Friday, April 8, 2011

Oshkosh Schools of the late Nineteenth Century

As the nineteenth century dwindled, William Waters still enjoyed a good relationship with the Oshkosh School Board. In 1898 the board called for four major projects; A new Punhoqua School, additions to the Second Ward and High Schools as well as a school for the 10th Ward. Without much ado, Waters was asked to draw plans for the Punhoqua School and the and the additions to the other schools.
The Punhoqua School was a small and graceful structure, located in the suburb of Algoma and described in an earlier post. The additions planed were for the back side of the Second Ward School and finely the total restructuring of the High School's front elevation. The High School project was very ambitious; remove the center tower and build an addition 112' x 58', three stories in height, modernizing the look of the building. An article in the Oshkosh Northwestern dated 6/23/1898 states that construction might start in the fall of that year with a similar addition to be erected the following year on the Church St. side of the building. However no press is given to the actual accomplishment of the renovation. A comparison of the two photo below shows the facade was never altered. Perhaps the project was delayed and rendered moot when the building burned in 1901.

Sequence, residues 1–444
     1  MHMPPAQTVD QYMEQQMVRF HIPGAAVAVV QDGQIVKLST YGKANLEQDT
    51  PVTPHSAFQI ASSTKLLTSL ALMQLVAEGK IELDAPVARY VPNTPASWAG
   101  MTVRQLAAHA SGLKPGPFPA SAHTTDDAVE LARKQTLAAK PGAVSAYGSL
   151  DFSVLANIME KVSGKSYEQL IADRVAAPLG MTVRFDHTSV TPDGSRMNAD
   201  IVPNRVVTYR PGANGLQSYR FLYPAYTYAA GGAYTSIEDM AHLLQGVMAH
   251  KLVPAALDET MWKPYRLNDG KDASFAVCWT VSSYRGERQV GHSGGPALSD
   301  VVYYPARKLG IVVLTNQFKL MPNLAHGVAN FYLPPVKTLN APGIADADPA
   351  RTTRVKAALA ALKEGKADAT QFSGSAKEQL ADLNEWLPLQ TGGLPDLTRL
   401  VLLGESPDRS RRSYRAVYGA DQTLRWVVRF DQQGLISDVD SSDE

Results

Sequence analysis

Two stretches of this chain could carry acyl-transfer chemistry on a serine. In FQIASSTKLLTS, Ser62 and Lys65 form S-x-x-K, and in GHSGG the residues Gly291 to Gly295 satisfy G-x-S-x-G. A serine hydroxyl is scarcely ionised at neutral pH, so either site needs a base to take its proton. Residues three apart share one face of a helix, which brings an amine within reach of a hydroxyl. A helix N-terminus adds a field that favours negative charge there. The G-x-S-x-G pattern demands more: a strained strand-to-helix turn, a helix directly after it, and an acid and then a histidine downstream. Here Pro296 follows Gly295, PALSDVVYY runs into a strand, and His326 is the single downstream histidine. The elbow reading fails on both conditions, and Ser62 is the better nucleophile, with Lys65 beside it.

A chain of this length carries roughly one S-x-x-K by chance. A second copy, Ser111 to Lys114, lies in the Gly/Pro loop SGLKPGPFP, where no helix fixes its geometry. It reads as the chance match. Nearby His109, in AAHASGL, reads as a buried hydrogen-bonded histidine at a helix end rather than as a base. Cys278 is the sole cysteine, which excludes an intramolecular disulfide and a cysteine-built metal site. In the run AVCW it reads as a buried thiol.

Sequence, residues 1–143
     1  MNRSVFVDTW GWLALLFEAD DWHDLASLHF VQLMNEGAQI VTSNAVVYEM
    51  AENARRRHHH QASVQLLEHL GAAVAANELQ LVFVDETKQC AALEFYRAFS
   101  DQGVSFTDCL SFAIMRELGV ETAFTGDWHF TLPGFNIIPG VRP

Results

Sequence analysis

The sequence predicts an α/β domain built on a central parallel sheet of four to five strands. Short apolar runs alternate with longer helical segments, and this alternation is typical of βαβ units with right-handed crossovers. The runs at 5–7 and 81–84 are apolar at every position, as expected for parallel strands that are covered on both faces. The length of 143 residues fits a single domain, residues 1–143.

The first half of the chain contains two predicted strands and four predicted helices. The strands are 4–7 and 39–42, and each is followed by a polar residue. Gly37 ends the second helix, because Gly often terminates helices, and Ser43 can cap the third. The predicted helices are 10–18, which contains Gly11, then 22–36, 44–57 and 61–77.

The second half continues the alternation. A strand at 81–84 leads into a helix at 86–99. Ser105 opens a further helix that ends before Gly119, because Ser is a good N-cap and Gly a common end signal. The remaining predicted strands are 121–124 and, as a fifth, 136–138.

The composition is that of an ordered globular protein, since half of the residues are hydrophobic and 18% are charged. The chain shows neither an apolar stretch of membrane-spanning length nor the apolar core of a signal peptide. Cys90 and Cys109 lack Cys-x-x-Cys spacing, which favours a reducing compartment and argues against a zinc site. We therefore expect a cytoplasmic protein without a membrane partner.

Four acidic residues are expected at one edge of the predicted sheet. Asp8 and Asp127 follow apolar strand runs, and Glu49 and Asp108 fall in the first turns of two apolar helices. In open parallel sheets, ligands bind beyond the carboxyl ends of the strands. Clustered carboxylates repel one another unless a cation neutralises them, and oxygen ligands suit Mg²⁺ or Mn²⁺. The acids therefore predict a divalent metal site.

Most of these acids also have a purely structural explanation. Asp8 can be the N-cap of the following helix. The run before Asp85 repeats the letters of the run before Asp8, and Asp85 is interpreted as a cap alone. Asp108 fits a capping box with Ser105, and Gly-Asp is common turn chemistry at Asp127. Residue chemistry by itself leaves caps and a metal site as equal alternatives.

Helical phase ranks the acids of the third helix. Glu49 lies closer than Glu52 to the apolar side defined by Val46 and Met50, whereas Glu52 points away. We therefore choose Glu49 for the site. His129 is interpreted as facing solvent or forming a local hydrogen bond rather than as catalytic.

The Tenth Ward or Merrill School had a very convolute design history. Plans drawn by Waters were adopted in 1898, and then rescinded by the board a few months later. Other architect were asked to submit plans but no other submissions were forthcoming and Waters' plans were readopted. An intervening election changed the make up the school board and once more other architects were encouraged to supply plans for the new school. Several architects entered plans, most notably Ephraim E. Stevens.

For more than a year the City Council and School Board haggled over the design. At one point the council authorized bids be let only to be over ridden by the school board. Finely in 1900 the a resolution was arrived at and E. E. Stevens' plans were adopted.


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